Stephen Reicher, Alexander Haslam, John Turner and Michael Platow have collaborated on investigations into leadership and social identity culminating in their forthcoming book The New Psychology of Leadership.
They describe: 'When a shared social identity exits, individuals who can best represent that identity will have the most influence over the group's members and be the most effective leaders. That is, the best leaders are prototypical of the group - they not only seem to belong to but also exemplify what makes the group distinct from and superior to rival groups.
The most desirable traits and actions have to fit with the culture of the group being led and thus vary from group to group. Even some of the most oft-touted leadership traits, such as intelligence, can be called into question in some settings. Some people consider being down-to-earth or trust-worthy as more important than being brilliant, for instance. Where this is the case, being too clever may actually undermine one's credibility as a leader, as Bush's tactics suggest"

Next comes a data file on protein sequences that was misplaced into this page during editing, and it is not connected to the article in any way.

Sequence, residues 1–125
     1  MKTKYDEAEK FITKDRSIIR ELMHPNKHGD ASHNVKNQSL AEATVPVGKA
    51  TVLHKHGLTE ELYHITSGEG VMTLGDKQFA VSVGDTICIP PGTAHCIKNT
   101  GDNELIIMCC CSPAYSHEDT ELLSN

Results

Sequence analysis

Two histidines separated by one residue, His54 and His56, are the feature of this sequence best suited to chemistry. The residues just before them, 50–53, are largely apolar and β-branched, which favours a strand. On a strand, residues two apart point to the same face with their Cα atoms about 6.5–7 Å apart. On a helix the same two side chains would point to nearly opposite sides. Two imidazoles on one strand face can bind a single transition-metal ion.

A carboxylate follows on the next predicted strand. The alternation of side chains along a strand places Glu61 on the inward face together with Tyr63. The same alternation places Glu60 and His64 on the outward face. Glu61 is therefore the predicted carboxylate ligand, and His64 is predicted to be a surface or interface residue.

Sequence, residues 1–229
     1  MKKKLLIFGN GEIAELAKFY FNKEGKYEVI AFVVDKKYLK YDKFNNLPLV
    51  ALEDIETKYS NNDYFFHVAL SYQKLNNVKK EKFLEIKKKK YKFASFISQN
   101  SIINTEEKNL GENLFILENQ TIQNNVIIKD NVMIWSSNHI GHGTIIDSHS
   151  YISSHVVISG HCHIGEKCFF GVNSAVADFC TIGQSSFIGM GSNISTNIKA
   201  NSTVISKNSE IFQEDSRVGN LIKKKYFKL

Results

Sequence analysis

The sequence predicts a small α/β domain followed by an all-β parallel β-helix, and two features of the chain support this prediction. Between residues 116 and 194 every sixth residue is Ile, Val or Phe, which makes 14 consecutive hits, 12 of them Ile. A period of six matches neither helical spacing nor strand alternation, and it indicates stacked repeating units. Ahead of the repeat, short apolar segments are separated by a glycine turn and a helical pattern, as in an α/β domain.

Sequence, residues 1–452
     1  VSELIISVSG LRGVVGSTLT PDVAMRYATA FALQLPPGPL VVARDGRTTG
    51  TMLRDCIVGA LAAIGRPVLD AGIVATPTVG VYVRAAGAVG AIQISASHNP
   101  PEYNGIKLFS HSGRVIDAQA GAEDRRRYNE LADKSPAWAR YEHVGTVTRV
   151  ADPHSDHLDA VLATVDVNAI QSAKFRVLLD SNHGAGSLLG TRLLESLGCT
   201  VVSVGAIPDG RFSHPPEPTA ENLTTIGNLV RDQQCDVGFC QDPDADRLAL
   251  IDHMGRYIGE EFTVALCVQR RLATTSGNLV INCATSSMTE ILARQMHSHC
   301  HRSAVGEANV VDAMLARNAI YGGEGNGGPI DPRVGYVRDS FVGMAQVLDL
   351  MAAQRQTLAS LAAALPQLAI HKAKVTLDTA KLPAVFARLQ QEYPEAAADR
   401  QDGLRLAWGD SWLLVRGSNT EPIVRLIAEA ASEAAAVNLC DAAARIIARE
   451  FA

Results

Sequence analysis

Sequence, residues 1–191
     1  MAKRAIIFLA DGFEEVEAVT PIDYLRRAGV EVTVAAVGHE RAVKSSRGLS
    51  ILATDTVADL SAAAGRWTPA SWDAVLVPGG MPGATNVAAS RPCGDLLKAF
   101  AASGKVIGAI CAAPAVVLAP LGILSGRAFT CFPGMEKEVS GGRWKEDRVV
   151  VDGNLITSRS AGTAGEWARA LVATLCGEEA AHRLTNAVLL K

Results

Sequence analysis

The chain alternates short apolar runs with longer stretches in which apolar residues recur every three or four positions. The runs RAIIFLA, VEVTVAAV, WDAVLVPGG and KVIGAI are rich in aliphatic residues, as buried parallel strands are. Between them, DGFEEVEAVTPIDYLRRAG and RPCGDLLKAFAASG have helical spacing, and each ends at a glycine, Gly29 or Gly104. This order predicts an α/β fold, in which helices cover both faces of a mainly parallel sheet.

Full article in Scientific American Mind